How could you tell if there’s an energy transition underway? Just ask Dong Energy. The $154 billion fossil-fuel company is abandoning all fossil fuels and changing its name to Ørsted, to honor the discoverer of electromagnetism.
Dong once stood for Danish Oil and Natural Gas. On Feb. 2, the company announced it will stop all use of coal by 2023. On Sep. 29, Dong sold all its oil and gas business. On Oct. 2, the company called for an extraordinary general meeting to ask for approval of the change of name. “This is no longer who we are,” said Thomas Thune Andersen, chairman of Dong’s board of directors. “Now is the right time to change our name.”
“Our vision is a world that runs entirely on green energy. Climate change is one of the most serious challenges facing the world today, and to avoid causing serious harm to the global ecosystems, we need to fundamentally change the way we power the world by switching from black to green energy,” Andersen said.
Its new name comes from the Danish physicist and chemist Charles Hans Ørsted, who in 1820 found that electric current produces magnetic fields. The discovery would prove key in understanding how to generate and transport electricity, and thus make electricity commercially available. The new name is also a nod to a key part of how wind turbines work: mechanical movement causes changes in the magnetic field which produces electricity.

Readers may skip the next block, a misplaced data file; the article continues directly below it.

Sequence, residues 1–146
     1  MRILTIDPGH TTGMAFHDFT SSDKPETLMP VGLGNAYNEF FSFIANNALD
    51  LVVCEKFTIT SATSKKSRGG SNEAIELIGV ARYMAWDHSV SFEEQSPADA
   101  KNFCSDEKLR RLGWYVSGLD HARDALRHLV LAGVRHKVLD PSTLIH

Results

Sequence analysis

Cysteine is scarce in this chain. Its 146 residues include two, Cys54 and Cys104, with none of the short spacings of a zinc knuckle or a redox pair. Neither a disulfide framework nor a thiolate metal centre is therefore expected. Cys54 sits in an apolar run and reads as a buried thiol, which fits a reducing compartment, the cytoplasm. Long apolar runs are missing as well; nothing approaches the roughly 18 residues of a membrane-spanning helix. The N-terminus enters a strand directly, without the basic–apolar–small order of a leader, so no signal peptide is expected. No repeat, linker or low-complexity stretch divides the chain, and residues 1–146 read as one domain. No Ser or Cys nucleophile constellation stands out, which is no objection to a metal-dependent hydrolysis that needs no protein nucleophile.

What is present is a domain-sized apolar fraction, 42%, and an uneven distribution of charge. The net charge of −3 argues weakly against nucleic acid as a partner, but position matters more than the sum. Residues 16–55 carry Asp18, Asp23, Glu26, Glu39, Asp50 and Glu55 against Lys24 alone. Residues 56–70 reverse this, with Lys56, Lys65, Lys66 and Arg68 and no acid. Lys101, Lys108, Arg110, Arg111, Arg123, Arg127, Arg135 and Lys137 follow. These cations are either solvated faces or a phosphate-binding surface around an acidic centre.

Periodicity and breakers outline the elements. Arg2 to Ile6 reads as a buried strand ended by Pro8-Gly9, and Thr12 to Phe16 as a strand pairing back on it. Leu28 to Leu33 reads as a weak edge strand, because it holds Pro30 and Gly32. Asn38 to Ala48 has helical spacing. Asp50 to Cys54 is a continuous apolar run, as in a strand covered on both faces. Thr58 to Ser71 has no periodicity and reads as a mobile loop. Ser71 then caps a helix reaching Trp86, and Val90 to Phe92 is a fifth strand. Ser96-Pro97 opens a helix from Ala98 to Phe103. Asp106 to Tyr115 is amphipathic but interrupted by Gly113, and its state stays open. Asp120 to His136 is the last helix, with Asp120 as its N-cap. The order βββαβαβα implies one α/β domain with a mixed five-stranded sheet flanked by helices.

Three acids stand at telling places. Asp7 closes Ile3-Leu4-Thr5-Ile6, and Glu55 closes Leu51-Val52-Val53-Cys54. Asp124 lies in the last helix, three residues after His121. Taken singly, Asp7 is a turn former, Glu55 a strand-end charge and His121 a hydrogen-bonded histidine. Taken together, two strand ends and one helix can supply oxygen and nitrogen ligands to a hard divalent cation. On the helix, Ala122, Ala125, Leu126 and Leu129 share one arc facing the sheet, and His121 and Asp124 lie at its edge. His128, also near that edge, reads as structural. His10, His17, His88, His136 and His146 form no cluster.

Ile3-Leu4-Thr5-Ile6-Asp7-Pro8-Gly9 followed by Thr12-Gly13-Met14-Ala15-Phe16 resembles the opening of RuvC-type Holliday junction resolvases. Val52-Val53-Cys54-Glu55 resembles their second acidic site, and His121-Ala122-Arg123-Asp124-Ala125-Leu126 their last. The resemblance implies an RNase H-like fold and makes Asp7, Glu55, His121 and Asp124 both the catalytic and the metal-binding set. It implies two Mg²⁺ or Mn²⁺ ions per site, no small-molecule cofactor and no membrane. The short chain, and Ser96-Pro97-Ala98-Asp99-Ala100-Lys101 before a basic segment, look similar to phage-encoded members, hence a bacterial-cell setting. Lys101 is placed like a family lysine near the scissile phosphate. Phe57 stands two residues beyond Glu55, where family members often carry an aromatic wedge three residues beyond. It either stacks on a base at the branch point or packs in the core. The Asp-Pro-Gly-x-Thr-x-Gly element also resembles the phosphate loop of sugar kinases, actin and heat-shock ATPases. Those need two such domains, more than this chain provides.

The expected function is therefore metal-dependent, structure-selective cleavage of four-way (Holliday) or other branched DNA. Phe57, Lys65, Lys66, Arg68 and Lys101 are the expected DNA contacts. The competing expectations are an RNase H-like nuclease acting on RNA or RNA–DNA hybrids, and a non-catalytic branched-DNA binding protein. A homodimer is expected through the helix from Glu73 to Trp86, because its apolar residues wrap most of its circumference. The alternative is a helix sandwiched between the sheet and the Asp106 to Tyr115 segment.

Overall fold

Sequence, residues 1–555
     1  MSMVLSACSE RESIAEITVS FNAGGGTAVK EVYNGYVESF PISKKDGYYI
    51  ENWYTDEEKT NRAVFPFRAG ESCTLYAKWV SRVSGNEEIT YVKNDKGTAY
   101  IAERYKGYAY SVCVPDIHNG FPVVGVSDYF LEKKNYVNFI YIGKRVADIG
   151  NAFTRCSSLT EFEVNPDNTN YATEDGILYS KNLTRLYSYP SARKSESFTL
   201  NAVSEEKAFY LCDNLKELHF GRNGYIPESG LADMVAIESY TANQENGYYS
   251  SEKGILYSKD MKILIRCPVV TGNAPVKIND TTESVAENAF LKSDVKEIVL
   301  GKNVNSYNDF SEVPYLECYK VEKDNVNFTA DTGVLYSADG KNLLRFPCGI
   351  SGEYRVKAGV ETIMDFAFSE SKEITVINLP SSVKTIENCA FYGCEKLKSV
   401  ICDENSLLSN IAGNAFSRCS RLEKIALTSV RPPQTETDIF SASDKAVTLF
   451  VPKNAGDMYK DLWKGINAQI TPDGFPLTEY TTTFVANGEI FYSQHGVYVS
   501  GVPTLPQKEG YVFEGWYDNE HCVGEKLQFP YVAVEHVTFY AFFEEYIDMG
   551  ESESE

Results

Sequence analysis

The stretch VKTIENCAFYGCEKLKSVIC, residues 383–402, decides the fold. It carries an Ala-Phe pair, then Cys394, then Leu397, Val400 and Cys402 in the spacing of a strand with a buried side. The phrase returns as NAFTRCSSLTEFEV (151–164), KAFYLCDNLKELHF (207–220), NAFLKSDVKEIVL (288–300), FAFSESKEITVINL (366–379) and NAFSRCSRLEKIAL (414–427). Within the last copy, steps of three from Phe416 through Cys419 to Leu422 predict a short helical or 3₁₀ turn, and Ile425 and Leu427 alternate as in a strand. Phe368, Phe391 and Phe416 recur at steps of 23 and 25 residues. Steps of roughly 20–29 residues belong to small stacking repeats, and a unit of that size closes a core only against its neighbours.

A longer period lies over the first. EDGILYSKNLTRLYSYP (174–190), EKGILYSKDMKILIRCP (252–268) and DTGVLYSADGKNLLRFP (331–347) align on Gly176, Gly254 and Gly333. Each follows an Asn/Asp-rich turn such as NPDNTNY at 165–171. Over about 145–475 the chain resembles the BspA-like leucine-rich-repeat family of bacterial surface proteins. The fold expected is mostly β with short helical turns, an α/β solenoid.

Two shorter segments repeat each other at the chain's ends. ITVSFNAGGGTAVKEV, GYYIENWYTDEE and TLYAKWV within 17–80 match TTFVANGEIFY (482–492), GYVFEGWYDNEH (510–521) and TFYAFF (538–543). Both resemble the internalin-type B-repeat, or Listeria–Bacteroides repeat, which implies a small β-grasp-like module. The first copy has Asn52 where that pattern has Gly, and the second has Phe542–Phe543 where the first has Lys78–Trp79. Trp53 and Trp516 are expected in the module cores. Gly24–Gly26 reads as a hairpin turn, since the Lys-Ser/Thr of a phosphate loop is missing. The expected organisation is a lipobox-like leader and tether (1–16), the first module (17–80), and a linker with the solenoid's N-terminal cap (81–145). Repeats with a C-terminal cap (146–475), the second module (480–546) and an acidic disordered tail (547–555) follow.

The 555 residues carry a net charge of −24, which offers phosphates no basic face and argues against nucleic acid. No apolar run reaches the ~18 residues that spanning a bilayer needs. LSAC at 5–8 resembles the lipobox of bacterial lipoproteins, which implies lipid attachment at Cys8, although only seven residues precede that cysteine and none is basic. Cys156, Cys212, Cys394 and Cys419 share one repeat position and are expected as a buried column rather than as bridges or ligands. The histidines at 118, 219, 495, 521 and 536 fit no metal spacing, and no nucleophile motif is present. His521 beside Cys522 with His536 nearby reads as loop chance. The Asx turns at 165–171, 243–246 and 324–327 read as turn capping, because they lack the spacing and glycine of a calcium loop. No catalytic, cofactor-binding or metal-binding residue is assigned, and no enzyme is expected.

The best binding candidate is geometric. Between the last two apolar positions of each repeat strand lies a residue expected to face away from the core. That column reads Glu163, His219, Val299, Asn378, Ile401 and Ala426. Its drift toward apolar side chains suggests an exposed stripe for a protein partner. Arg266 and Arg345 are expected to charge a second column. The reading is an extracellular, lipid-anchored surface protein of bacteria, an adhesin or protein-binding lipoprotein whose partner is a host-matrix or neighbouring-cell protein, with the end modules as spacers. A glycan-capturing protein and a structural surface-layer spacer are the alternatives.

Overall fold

From selling oil and gas, over recent years, Dong transformed itself into the world’s largest offshore wind farm company. Though the Danish government holds a majority stake in the company, it has been able to achieve this transformation without major financial troubles.
“It’s an astonishing transformation,” says Jens Houe Thomsen, an analyst at Jyske Bank told FT earlier this year. “It is hard to think of many other oil and gas companies that have made as big a shift as Dong has away from fossil fuels towards renewable energy.”
The company provides nearly half of all electricity and a third of all heat in Denmark. In 2016, Dong installed its 1,000th wind turbine. It is also slowly converting its coal-fired power stations to burn wood or household waste.
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